The other day I got invited to a party. The text from my friend read, “if you aren’t busy Tuesday…” but I didn’t even finish reading. We are in the midst of the wonderful, warm summer months where life is carefree and takes a restful breath before the hiatus of August, especially for rising seniors like myself, but I knew even before finishing the text that I would have to begrudgingly decline the invitation. For a student-athlete, it is very rare to have a day where we aren’t busy, and Tuesday was no exception. With reluctant fingers, I typed, “Sorry, I have cross-country practice, but thanks anyways.”
The Reality Of School Sports
From an outsider’s perspective, playing sports may seem like a fun hobby that keeps you active and helps you make friends, and while it can be that, it is also much more. Through my three years as a student athlete I have come to learn that there is more pressure than anticipated when being part of a team.
During the school year, the cross-country team at my school practices six days a week from 4 p.m. to about 5:45 p.m. After that, most will get to their homes at around 6:15, shower, eat dinner till 7:00, and if it is a good day and no procrastination takes place, begin homework around that time. Unfortunately, I am human and procrastination does sometimes take hold of me, along with the piles of homework chaining me down both mentally and physically.
You see, the time commitment that comes with being part of a school team can definitely cause stress, but the actual exercise wears your body down so much that when it is time to begin work, one is drained of energy. School work feels like an uncrossable path, let alone the responsibilities of other extracurriculars, but regardless, we persist with a fear of failure in mind.
I am nearing my last season on the cross-country team and I still feel somewhat guilty for missing practice from time to time. During junior year, I had to come to terms with the fact that in life there are going to be priorities, and often it cannot be that four mile run on the practice schedule. Many times I felt bad during track season when I was telling my coach I wouldn’t be making it that day.
Should I have felt bad, even knowing that the reason I was missing was because of an intimidating precalculus test the next day and not a party? And even if it was a party, should I have felt bad then?
I have often asked myself, what would I be doing if I didn’t have this commitment every day? Usually I tell myself I would be working and saving up money for college, or joining the theater department at school, which has been a longtime interest of mine, or I’d be writing the book that has been in my Word drafts for about a year now.
Being a student athlete means that sacrifices must be made, usually in the form of other activities that we could be doing. Nonetheless, as I near my last seasons on the cross country and track teams, I reflect on my times there and realize I wouldn’t change a thing.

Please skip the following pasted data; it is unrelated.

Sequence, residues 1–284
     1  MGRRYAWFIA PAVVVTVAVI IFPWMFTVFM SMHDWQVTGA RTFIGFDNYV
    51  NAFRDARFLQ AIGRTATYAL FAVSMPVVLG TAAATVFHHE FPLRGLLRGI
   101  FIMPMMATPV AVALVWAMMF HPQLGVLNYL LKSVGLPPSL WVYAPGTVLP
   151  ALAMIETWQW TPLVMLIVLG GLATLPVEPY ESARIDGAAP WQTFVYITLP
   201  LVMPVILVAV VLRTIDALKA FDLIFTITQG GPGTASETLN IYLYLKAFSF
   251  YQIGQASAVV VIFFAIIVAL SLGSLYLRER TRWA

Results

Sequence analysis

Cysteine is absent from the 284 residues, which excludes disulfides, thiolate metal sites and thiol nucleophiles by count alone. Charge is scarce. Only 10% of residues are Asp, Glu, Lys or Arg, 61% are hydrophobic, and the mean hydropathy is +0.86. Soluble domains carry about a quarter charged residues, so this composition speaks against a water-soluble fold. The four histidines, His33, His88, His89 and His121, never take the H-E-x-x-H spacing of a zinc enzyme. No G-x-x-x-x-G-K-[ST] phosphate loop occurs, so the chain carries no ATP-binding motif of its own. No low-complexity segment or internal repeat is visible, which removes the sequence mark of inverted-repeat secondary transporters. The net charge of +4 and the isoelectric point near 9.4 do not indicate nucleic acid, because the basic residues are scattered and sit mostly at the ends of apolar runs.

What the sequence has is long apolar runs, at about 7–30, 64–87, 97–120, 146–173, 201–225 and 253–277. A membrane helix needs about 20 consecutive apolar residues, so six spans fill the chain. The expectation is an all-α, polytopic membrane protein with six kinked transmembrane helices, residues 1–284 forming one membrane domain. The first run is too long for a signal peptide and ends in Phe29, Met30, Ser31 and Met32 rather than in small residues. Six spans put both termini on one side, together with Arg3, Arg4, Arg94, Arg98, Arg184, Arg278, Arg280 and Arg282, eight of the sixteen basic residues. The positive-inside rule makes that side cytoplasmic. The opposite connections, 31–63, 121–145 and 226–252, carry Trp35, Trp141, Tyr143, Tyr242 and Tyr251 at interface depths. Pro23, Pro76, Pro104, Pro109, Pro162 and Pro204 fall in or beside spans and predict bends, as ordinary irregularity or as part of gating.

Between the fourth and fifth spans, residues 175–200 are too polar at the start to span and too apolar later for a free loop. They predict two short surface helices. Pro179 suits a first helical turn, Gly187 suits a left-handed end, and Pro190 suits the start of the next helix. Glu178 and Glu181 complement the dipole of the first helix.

The Light At The End Of The Tunnel
Everything in life is a balance. Juggling sports, school, friends, and family is a balance. I don’t allow cross-country to take the first place pedestal in my life.
It shares that space with all the other aspects that make me who I am. High school isn’t around forever, so I try not to waste these short four years with just one priority. For me personally, doing well in school and doing well at running go hand in hand. Here is a universal truth I try to stick to: we can not excel at everything we do, but we can learn to try our best without putting too much pressure on ourselves.
But what about when we let that pressure slip onto our shoulders regardless? It is easy to feel scorn for our sports. When they take up so much of our lives, they also start to lose their appeal, lose the exhilaration they gave us when we first started.
When that happens to me, I choose to focus on the better parts of doing the sport. The cross-country team has granted me my best friends, who are a support system like no other. It has also given me the values of teamwork and determination, and the skills of time management and goal setting.
But most of all, I appreciate that cross-country gave me an outlet that I will be able to carry on with me even after I graduate. I know that when I say goodbye to this team, my running shoes will always be there waiting for me when I need the therapy of a four-mile run.
If you are thinking of joining a sport, I encourage you to do it, but know what you are getting into. It is not easy, but it is doable. Learn time management early on, but also know that it is okay to need a break from time to time.
Student athletes are not superhuman, so on some days, that pedestal can not be taken up by all your commitments all at once. It will happen, and it will be okay. Sometimes “I’ll be there” is better for you than “sorry, I have cross-country practice.”